So you don’t need to worry about your bread baking even more and burning, ‘cause it wont! ‘Heating mode’ should also keep away any excess moisture and condensation.
What can happen though, is that you might get a thicker, harder crust at the bottom of your bread if it is kept in the bread machine for a very long time (apart from the area where the paddle has been, like we mentioned above).
How to remove bread from bread maker
By now, you will have gathered that the longer you leave your loaf in the bread machine, the softer and soggier it will get.
So, unless you are like me and have forgotten that you even put bread in the machine in the first place, then you really should be taking your bread out of the bread machine straight away.
Open the latch of your bread machine and with your oven mitts, take hold of the bread pan handle and pull the whole bread pan out.
Please don’t try and remove the bread from the inside of the bread machine ‘cause 1) it’s freakin’ hot and 2) it’s pretty much impossible to take the bread out like that (I may or may not have tried to do that myself once…).
With your oven mitts still on, turn the bread pan upside down and begin to shake the pan like there’s no tomorrow. I mean it. You might think that your bread is stuck in there forever, but persevere, it will come out.
I feel like this is pretty obvious, but make sure you are shaking the pan over your kitchen top. We don’t want to lose any delicious loaves to the floor.
Once your glorious bread has come out of its pan, place it on a cooling rack and let it cool down. If you are planning on eating it warm, you only need to let it cool down for 10 to 15 minutes so it’s easier to slice.
If you are planning on storing it, let it cool down COMPLETELY.
How to store bread machine bread
If there is any bread left over, which I really doubt there will be, you might be wondering how to keep bread maker bread fresh for long.
Store-bought bread can keep for ages, even well past it’s best by date. That’s because store-bought bread is filled with preservatives that allows it to stay fresh for longer.
Bread maker bread is much healthier than store-bought bread because you know exactly what is going into your bread and you can control the ingredients.
Do you want to omit the salt? You can. Do you want to add honey instead of sugar? Go for it!
Making bread by hand or in a bread machine gives you the freedom to do whatever you want.
Although homemade bread is much better, because you are making it without preservatives, your loaf won’t last as long as store-bought bread.
The best thing you can do is to store it straight away after it has cooled down. Take a large sandwich or zip lock bag and put your loaf in, securing the bag tightly so no air goes inside.
Alternatively, you can wrap it in some good quality cling film or tin foil. Make sure you wrap it around a few times to make sure there aren’t any little holes where air can enter.
If you are storing in a bag, I find it easier to slice the loaf before hand. This makes storing it much easier and it also means you don’t need to take the whole loaf and cut a slice every time you want some bread.
In a bag or wrapped up in tin foil/cling film, your loaf will last for around 3 days if stored in a dark, cool area. If you want your bread to last longer, you could get a bread bin.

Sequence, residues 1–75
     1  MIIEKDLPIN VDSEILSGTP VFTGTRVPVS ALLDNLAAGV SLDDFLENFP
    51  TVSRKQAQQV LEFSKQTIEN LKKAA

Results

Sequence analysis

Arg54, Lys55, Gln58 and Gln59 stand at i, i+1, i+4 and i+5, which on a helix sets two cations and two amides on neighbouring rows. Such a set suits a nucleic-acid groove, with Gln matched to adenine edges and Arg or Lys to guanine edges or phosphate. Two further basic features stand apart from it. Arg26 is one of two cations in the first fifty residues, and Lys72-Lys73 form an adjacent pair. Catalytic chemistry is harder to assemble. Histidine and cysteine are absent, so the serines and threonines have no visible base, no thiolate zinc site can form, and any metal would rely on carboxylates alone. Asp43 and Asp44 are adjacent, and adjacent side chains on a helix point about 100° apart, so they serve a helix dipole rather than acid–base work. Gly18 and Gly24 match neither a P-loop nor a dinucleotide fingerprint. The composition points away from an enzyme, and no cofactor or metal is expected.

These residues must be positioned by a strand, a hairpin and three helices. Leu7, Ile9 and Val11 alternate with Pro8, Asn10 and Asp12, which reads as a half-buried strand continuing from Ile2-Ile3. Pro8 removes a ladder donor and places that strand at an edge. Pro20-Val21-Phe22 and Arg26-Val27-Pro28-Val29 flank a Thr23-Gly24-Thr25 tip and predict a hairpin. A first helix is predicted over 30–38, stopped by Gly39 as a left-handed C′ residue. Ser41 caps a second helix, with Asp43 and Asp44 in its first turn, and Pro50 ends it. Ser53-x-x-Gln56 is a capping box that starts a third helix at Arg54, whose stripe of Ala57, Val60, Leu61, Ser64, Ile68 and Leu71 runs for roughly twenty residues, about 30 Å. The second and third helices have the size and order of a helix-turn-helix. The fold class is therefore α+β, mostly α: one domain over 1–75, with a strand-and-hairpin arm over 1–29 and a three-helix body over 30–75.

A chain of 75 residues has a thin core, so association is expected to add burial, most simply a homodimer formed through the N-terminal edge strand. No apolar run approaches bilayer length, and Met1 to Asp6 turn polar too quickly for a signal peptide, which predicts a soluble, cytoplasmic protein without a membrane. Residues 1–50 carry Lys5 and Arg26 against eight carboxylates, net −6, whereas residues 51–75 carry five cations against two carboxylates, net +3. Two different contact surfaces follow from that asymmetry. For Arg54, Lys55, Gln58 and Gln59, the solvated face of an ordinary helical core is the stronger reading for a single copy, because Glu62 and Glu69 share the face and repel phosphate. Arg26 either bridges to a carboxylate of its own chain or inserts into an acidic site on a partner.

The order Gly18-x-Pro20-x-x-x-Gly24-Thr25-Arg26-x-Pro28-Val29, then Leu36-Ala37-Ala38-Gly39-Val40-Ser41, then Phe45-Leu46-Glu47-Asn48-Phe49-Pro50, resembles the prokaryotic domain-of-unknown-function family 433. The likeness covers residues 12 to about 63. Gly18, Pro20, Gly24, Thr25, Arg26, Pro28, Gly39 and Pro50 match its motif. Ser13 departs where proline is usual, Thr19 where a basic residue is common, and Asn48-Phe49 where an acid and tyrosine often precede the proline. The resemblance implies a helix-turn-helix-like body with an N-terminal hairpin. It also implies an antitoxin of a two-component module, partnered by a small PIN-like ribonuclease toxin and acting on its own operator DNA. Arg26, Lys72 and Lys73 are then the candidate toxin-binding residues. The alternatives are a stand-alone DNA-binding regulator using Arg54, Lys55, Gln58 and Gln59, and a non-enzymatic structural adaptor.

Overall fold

Make sure it is a good quality one with good ventilation so it maintains freshness. With a bread bin, your bread can last for up to 5 days.
If you want your bread to last even longer, place it in the freezer. A good tip to keep in mind is to slice up all your bread, put it in the freezer and every time you want some bread just take a slice out and toast it. Sliced bread defrosts very very quickly when placed in the toaster.
Alternatively, remove a few slices from the freezer in the morning and they will be defrosted by lunch.
How to fix soggy bread
One morning, I asked my partner to take the bread out of the bread pan to cool.
Big mistake. I came into the kitchen to find that all he had done was take the bread pan and left it on the counter with the loaf still in it.
Trust men to do anything eh! It must have sitting like that for an hour at least.
Things didn’t look good. I started shaking the pan on the counter and water droplets started coming out. WATER!
When the whole loaf was out, aside from the bread pan being covered in sweat, I was met with the most wrinkly, ugly and wet loaf.
After seeing how soggy and wet my bread loaf was, I turned the oven on and preheated it to 200C/390F.
Not really knowing if this was going to work, I put the loaf on a baking tray and baked it for 10 minutes.
And this is the result!
It might still look very wrinkly, but the main thing is not soggy anymore! It has a nice deep brown colour and a delicious crunchy crust.
Putting the loaf in the oven worked. So, if you ever end up with a wet loaf, just pop it in the oven for 10 minutes and it will come out looking fresh and revived.
If you do find that your loaves generally come out with a soft top from your bread machine, you can use this trick to harden the top and get a nice thick crust all around.
If you want to have fresh, good quality bread, the best thing to do is take it out of the bread machine as soon as it’s finished baking.
This will guarantee that your bread will stay soft, moist with a nice crispy crust all over.
But, if your bread ends up staying in the bread machine a little longer, do not panic!
It is okay to leave bread in the bread machine for up to an hour after it has baked. It will still be fresh and delicious.
It might just have a slightly softer top and a crispier crust around the bottom and the sides.
If a lot of condensation is formed though, you might end up with a soggy, wet loaf that does not look appealing. If this happens, just pop your loaf in the oven for 10 minutes to remove all the excess moisture.
Knowing how to store fresh bread from a bread machine is also very useful and will ensure your bread stays nice and moist for longer. Weather that is by storing it in a cupboard, in a bread bin or the freezer.